Crazy Thursday

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March 27, 2015 by greenhouse04

Toby is gone for a visit. Mr. Green is visiting a church member. Through the fuzziness of my head cold, I attempt to teach my children their school lessons.

Our foster worker calls and tells me of a two-year-old boy who needs a home. She sends me a photo and lots of documents detailing his case.

In the midst of the craziness of lunchtime, I read the documents, call my husband, look at the photo, call him again.

Mr. and Toby finally return home. In a few minutes of quiet, we decide not to take the little boy. I call Joni. She says “ok, thanks… and I have another question for you.”

She goes on to tell me about three-year-old twin girls who need to be adopted. No, not fostered, adopted. This is what we’ve hoped for – a child (or children) we can simply adopt, without the agonizing months of fostering.

I quickly tell Mr. about it. He’s changing to head back into town to serve at a soup kitchen. He likes the idea, too. I email Joni to say we are interested. She sends fuzzy pictures, which I study.

In the evening, Mr. returns home and joins us for some supper. The kids are already almost finished, and they soon hop down and go play. Once they’re gone, Mr. looks at me and says quietly,

“I saw three of the kids’ birth parents at the soup kitchen today.”

I’m shocked, but still not entirely surprised. (This is why we don’t go to the soup kitchen as a whole family.)

“Which three?” I ask, eager for all the details.

“Eddie’s mom, Emma’s mom and dad.”

I am very interested in Emma’s birth parents; Eddie’s birth mom not so much: we meet her once a year for Eddie’s birthday. We’re meeting her tomorrow, in fact. However, we haven’t spoken to Emma’s birth parents since she was six months old.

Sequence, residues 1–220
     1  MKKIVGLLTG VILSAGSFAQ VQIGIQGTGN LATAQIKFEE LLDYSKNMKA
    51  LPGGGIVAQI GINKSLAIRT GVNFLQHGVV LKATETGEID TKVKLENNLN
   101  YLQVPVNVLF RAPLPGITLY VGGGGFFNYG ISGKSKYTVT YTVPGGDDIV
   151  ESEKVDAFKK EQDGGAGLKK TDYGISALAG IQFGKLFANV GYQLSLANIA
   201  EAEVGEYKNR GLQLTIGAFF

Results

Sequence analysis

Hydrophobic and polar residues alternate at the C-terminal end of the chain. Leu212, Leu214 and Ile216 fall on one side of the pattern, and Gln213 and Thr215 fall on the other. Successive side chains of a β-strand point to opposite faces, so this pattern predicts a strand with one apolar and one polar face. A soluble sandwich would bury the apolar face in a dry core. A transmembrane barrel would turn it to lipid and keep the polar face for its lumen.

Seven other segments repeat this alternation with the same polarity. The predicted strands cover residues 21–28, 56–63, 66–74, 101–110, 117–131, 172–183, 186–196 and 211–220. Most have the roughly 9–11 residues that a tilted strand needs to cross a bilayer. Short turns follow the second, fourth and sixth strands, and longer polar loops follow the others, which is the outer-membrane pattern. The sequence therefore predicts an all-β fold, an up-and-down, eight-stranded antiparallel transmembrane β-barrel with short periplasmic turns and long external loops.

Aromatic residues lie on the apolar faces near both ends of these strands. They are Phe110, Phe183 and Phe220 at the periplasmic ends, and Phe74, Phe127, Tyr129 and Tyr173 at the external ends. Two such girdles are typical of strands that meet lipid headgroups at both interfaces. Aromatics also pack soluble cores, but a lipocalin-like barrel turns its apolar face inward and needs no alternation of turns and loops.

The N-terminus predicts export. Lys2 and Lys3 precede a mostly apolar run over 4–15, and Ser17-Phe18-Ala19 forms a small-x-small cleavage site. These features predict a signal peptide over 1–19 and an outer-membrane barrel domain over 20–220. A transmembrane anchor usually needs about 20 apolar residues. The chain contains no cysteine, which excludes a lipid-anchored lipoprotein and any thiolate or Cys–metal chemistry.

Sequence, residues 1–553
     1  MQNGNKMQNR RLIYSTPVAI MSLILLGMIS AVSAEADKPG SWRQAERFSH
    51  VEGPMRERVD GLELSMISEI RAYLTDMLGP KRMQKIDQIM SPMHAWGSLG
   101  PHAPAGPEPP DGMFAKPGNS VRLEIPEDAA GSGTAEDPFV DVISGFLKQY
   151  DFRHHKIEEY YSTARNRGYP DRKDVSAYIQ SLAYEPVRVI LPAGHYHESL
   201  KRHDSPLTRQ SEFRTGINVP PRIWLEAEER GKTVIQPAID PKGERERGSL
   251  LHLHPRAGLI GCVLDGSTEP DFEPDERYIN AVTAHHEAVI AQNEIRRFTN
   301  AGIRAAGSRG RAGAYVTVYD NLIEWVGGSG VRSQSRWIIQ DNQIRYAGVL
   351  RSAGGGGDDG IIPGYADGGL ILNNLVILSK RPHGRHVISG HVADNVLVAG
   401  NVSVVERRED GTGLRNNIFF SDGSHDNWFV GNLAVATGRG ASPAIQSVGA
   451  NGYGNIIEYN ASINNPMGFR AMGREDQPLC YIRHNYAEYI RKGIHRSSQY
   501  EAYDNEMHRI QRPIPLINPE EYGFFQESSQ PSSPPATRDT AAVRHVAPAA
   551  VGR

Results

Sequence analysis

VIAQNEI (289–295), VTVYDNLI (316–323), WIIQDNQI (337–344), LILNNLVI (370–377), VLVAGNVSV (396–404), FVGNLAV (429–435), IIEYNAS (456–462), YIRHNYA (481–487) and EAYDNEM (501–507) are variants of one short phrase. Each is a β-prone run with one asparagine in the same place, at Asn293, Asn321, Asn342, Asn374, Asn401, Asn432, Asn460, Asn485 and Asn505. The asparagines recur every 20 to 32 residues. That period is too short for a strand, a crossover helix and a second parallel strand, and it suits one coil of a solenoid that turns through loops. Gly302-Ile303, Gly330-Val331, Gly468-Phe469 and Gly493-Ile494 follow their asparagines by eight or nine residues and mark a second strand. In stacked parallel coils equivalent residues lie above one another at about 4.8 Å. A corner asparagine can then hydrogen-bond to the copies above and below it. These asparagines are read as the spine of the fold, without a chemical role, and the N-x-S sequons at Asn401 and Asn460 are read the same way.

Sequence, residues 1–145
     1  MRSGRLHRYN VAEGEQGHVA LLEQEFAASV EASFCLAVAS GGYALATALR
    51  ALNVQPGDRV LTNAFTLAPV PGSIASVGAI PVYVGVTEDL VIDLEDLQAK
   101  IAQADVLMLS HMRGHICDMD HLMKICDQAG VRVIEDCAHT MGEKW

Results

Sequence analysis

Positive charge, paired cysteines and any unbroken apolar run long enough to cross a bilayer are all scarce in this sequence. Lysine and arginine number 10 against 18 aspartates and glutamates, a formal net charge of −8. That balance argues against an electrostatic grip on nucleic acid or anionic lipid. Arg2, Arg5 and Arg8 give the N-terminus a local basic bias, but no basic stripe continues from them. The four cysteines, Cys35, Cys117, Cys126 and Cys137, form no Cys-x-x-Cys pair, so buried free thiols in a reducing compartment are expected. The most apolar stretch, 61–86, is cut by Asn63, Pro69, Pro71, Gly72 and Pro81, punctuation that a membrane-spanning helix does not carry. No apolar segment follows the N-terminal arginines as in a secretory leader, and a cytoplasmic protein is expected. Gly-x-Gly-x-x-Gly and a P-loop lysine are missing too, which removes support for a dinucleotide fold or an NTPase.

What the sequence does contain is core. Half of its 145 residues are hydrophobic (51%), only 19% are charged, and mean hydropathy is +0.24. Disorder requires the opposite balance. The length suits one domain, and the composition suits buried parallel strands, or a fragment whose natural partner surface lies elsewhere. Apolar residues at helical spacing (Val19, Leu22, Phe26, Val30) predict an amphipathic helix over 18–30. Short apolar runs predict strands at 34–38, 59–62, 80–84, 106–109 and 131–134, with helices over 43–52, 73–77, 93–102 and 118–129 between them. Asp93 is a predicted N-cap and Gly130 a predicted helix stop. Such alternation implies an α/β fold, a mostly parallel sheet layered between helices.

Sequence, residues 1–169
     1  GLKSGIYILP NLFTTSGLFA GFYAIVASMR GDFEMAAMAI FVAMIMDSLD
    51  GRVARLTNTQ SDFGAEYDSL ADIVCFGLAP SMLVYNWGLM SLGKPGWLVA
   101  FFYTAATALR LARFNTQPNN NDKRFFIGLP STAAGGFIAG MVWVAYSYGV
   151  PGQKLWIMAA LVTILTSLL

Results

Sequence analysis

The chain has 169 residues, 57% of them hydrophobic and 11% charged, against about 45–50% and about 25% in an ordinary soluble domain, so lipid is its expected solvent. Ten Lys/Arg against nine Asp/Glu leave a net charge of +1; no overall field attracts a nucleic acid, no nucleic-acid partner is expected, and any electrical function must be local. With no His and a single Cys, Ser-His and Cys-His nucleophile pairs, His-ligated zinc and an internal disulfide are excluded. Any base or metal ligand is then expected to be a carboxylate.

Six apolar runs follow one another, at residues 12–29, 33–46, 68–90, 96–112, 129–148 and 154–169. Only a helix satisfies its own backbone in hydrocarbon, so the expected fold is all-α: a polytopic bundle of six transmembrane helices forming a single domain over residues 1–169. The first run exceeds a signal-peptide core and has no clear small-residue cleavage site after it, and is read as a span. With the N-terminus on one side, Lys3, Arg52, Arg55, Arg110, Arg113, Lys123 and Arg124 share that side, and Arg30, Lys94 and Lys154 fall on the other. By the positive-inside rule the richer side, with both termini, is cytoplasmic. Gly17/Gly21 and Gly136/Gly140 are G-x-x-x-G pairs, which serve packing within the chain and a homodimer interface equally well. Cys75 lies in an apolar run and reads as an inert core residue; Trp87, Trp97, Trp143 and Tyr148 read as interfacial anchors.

“Did they recognize you?”

My husband makes a wry face. “Of course they did. But man, they look… really rough. They look ten years older.”

“Did you talk to them?”

“Yeah, for a long time. They asked lots of questions about Emma. I told them she was very athletic. They laughed and said she got it from them.”

I smile. “I’m sure they’re right. I think she also got a temper from them.”

Mr. smiles back. “I got their phone number and an address where we could drop off pictures of Emma.”

This surprises me. Mr. has always been the more hesitant of us to have contact with birth parents.

“That’d be nice,” I say. “I actually have a letter for Emma’s mom in my purse, in case I run into her.”

“They know where we live now, though. The soup kitchen director introduced us as being from —–. They thought we lived in a different town.”

I shrug. “They could’ve easily found us if they wanted to.”

We mull things over awhile as we finish our meal.

“By the way,” I remind him, “we need to really think and pray and talk about possibly adopting these two little girls. And about the other adoption idea we’ve been discussing.” (Maybe I’ll say more about that later.)

“Yeah, ok.” My husband is always way more nonchalant about these important, life-changing decisions than I am.

He adds, “But wow, they looked rough. And I handed all three of them their meals.”

“That’s amazing.” I imagine my husband serving meals to the parents of our children.

That was yesterday. I’m glad crazy days like that only crop up once in a while!

Postscript: We found out today that we will not be able to adopt the twin girls. We are, however, planning to begin sharing pictures with Emma’s birth parents, and we’re talking and praying about letting her meet them.


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